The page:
In the midst of the chaos that is this election week, I will attempt to reflect on the wonder that was Arrival. Let me start off by saying any and all space movies freak me out, and I usually cry a few times, but this movie is the first one where I cried like two frames in. Record broken. I’ll also divulge that I cried twice in Trolls; yup.
Arrival took me completely by surprise, it was not at all like what I walked in assuming it would be. Currently there is a resurging trend of sci-fi and space movies, which I am totally cool with since it’s one of my favorite genres, but it can lead to low expectations since we see a lot of the same stuff over and over. The ongoing issue that does arise with this trend in Hollywood is that some films lack originality; they consistently use worn out clichés, and have predictable plots. This was not the case for Arrival; it is much more thought provoking and it is obvious that the filmmakers spent a lot of time creating a more believable first encounter film.
Director Denis Villeneuve’s Arrival is based off Story of Your Life by Ted Chiang. Earth is visited, can’t really say “invaded,” by 6 ships spread throughout the world, and at each location the best and brightest try and begin communicating with the aliens. We follow the American attempt to crack the alien code/motive before it’s too late. There are many instances in a movie like this where the inaccuracies or farfetched plot holes take you out of the film, and it is a huge testament to Villeneuve and his crew that this never really occurred to me while watching the film. It all seemed legitimate and probable. Because of how well Villeneuve did on this movie I am so amped on him taking up the reigns on Blade Runner 2049; seems like it’s in good hands.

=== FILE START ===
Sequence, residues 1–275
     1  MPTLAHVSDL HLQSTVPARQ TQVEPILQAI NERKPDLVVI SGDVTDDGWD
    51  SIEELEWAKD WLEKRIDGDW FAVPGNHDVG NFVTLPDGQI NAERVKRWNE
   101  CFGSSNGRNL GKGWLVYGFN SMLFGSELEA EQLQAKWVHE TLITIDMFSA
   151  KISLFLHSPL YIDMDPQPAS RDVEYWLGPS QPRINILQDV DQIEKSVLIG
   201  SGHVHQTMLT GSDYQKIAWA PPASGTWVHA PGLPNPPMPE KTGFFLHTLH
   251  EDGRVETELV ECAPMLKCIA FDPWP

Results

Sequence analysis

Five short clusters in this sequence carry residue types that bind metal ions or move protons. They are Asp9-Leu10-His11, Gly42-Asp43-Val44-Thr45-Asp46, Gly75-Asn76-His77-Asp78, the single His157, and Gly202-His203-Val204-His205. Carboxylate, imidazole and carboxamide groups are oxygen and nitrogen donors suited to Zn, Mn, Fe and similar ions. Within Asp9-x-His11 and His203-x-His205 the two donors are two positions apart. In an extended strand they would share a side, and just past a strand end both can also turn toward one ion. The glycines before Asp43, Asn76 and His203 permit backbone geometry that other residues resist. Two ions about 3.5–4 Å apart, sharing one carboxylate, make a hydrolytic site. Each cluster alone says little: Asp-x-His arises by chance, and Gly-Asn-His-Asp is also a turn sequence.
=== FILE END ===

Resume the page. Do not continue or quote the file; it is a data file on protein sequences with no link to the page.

For a movie like Arrival to succeed and ensure plausibleness, it has to rely on an outstanding cast. Arrival proves that Amy Adams can carry a film. She portrays the plucked from normalcy linguist Dr. Banks who’s assigned with the daunting task of deciphering what the aliens’ purpose is. I felt as though I were in her shoes throughout the movie; at first thinking I’d never volunteer for that, and later stoked on being the one to connect to them.
The technical aspects of this film were impressive. Any and all special and visual effects worked seamlessly throughout. This film calls for perfection otherwise the audience will be taken out of the story if anything is askew. The cinematography and score were my favorite parts. At first I was put off by some of the handheld and out of focus scenes, but it adds to the film once you make sense of it later on. The score was discreet when it needed to be and raucous when called for.
This movie, like many other complex films, is one that I’ll be glad to watch again to see what I missed the first time. I can say that Arrival was a perfect film for me to watch the evening before this tumultuous election; it forces you to reflect on the possible outcomes of what society can become if we are overzealous and careless. It was a cathartic experience, and too bad we don’t have Amy Adams helping us out of this one IRL (in real life).
|Genre:||Science Fiction, Action|
|Release Date:||November 11th, 2016|
|Author:||Roxy De La Rosa|